The research aim was to determine the long-term impact of the mine waste stored at the coal waste dump Hałda Ruda on the content of heavy metals in the bottom sediments of the Bytomka River. It is a watercourse flowing along this coal waste dump and has been under its influence for over fifty years. The research also attempted to determine the seasonality of changes (2 years) and mobility of selected elements. The article presents total contents of Cr, Mn, Ni, Cu, Zn, As, Cd and Pb in the bottom sediments collected from the Bytomka River. It also focuses on the distribution of these elements in particular geochemical fractions determined with the Tessier's sequential chemical extraction procedure. Total element contents were determined with an EDPXRF (Energy Dispersive X-ray Fluorescence) technique. The extractants of particular Tessier's fractions were determined quantitatively with an ICP-MS (Inductively Coupled Plasma Mass Spectrometry) spectrometer. The research results show that the stored waste significantly influences the contents of heavy metals in the Bytomka River bottom sediments. The lowest concentration of heavy metals was observed at the B1 spot (above the dump), while the highest one was measured at the B3 spot (below the dump). Sequential chemical extraction of the bottom sediments indicates that the Zn content in the ion-exchange and carbonate fractions diminished within a year. Nevertheless, Zn bound to Fe and Mn oxides acted in the opposite way. Mn, Zn and Pb are the most dangerous elements from the viewpoint of environmental hazards, as their total concentrations were high. Moreover, their high contents were observed in the most mobile (ion-exchange and carbonate) fractions. Extremely toxic Cd was bound to the oxide fraction to the largest extent. Cu was mainly bound to the organic fraction while environmentally hazardous Cr was bound to the residual fraction.
Uranium concentrations in groundwater taken from private drilled wells have been never determined in Poland, implying a lack of available data to quantify the human exposure to U through drinking water consumption, especially in rural areas influenced by mining activities. The main aim of the study was the assessment of human health risk related to the consumption of well waters containing U, collected from selected rural areas of the Lower Silesian region (Poland). The random daytime (RDT) sampling method was applied to the collection of well waters from three control study areas (CSA): Mniszków (CSA-A), Stara Kamienica/M. Kamienica/Kopaniec (CSA-B) and Kletno (CSA-C). The analyses of RDT samples were performed by validated method based on inductively coupled plasma mass spectrometry (ICP-MS). Uranium concentration ranges in well waters and the estimated geometric means for individual control study areas were: 0.005-1.03 μg/L and 0.052 μg/L (CSA-A), 0.027-10.6 μg/L and 0.40 μg/L (CSA-B), and 0.006-27.1 μg/L and 0.38 μg/L (CSA-C). The average and individual chronic daily intakes (CDI) of U by drinking water pathway (adults/children) were in the ranges of: 0.0017-0.013/0.0052-0.040 μg · kg-1 · day-1 and 0.0002-0.90/0.0005-2.71 μg · kg-1 · day-1. The average %TDI and ranges of individual %TDI (adults/children) were: 0.17%/0.52% and 0.02-3.4%/0.05-10.3% (CSA-A), 1.3%/4.0% and 0.09-35%/0.27-106% (CSA-B), and 1.3%/3.8% and 0.02-90%/0.06-271% (CSA-C). The estimated average CDI values of U through well water are significantly lower than the TDI (1 μg · kg-1 · day-1), while for individual CDI values the contribution to the TDI can reach even 90% (adults) and 271% (children), indicating essential human health risk for children consuming well water from private drilled wells located in CSA-B and CSA-C (5.3% of total number of samples collected).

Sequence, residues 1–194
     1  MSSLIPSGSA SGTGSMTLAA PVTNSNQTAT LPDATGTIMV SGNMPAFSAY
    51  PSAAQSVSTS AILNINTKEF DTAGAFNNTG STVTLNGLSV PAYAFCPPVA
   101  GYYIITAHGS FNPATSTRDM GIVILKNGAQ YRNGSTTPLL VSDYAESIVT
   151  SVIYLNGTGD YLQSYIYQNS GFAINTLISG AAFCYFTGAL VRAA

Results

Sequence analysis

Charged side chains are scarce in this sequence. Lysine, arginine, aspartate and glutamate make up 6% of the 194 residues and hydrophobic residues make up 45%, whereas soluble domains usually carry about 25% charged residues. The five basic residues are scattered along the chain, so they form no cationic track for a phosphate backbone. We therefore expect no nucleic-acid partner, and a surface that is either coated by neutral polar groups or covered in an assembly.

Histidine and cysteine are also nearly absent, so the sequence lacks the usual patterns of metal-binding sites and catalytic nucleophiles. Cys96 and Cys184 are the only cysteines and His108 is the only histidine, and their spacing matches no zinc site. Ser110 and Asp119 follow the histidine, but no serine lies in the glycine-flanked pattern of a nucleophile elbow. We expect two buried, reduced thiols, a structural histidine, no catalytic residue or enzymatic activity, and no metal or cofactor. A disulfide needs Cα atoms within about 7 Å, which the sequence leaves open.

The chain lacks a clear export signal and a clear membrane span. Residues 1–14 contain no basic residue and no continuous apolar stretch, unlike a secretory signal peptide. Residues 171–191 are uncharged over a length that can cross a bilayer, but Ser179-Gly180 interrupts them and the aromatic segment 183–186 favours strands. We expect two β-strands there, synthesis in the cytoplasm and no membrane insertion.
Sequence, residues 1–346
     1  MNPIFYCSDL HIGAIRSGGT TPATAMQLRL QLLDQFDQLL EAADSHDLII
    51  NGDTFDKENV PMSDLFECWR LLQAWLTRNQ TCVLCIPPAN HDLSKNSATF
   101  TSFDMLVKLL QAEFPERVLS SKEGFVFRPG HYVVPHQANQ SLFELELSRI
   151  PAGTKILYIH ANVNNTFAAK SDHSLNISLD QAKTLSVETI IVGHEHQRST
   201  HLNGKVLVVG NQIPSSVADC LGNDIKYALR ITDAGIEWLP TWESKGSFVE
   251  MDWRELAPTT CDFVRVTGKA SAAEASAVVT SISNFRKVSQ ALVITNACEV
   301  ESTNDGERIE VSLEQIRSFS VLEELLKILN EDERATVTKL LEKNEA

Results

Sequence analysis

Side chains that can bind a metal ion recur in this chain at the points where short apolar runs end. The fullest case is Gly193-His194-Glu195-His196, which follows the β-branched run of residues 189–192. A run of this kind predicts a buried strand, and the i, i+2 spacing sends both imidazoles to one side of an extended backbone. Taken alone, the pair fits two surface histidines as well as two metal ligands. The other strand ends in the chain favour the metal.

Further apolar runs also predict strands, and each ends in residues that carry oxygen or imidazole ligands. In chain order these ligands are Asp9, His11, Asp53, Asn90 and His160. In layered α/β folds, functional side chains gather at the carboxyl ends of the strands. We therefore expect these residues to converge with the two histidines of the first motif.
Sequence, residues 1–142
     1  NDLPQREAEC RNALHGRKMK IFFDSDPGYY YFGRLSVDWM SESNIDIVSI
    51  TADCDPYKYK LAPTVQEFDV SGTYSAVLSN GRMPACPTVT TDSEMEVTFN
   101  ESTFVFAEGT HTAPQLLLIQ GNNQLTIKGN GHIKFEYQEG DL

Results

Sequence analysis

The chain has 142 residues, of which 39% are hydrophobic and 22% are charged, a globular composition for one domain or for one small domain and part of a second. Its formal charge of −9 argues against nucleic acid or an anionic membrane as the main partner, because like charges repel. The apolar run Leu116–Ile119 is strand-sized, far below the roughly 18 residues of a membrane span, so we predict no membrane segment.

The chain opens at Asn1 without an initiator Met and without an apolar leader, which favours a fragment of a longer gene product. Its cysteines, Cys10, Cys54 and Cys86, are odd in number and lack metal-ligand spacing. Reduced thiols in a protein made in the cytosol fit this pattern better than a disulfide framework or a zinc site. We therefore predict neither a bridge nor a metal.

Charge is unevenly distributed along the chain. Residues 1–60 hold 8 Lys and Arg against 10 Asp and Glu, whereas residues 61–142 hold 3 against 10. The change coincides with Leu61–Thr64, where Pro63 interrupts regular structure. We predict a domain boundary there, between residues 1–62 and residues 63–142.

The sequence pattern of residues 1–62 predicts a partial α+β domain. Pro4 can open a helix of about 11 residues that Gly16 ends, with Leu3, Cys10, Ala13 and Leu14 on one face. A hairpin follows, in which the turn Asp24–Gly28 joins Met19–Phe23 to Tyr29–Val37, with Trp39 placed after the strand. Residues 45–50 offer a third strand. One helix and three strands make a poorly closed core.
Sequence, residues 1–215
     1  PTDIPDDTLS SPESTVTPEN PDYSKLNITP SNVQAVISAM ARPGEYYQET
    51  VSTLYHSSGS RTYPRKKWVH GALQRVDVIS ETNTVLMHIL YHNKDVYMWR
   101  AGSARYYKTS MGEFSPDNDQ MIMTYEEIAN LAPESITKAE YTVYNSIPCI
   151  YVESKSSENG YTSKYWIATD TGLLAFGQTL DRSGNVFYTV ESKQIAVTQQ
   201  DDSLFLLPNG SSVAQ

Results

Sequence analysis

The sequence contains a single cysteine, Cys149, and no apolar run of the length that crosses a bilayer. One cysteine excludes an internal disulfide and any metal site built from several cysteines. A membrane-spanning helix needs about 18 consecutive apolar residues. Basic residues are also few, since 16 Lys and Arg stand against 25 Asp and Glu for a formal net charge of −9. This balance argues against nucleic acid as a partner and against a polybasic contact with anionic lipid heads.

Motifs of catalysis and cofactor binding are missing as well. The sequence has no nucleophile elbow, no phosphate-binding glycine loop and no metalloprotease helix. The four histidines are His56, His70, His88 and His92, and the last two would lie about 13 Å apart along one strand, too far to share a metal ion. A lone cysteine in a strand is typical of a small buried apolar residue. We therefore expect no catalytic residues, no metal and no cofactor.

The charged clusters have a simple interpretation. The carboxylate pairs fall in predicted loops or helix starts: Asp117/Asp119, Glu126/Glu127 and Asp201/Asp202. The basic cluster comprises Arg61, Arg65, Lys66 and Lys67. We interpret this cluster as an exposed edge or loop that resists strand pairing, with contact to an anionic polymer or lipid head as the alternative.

The aim of the study was veriﬁcation of the response of chamomile (Matricaria recutita (L.) Rauschert), peppermint (Mentha x piperita) lemon balm (Melissa ofﬁcinalis L.), and sage (Salvia ofﬁcinalis L.) on the elevated contents of inorganic As species in soils. The ability of herbs to accumulate arsenic was tested in pot experiment in which soils were contaminated by As(III) and As(V). The As(III), As(V), AB (arsenobetaine), MMA (monomethylarsonic acid) and DMA (dimethylarsinic acid) ions were successfully separated in the Hamilton PRP-X100 column with high performance-liquid chromatography-inductively coupled plasma-mass spectrometry (HPLC-ICP-MS) techniques. The study examined total arsenic contents in soil and plants, as well as the mobility of the arsenic species from the soil into the studied plants. Peppermint demonstrated the highest arsenic concentration and phytoaccumulation among studied plants. The sequential chemical extraction showed that arsenic in the contaminated soil was mainly related to the oxide and organic-sulﬁde fractions. The results showed that the oxidized arsenic form had a greater ability to accumulate in herbs and was more readily absorbed from the substrate by plants. Research has shown that soil contaminated with As(III) or As(V) has different effects on the arsenic content in plants. The plant responses to strong environmental pollution varied and depended on their type and the arsenic species with which the soil was contaminated. In most cases it resulted in the appearance of the organic arsenic derivatives.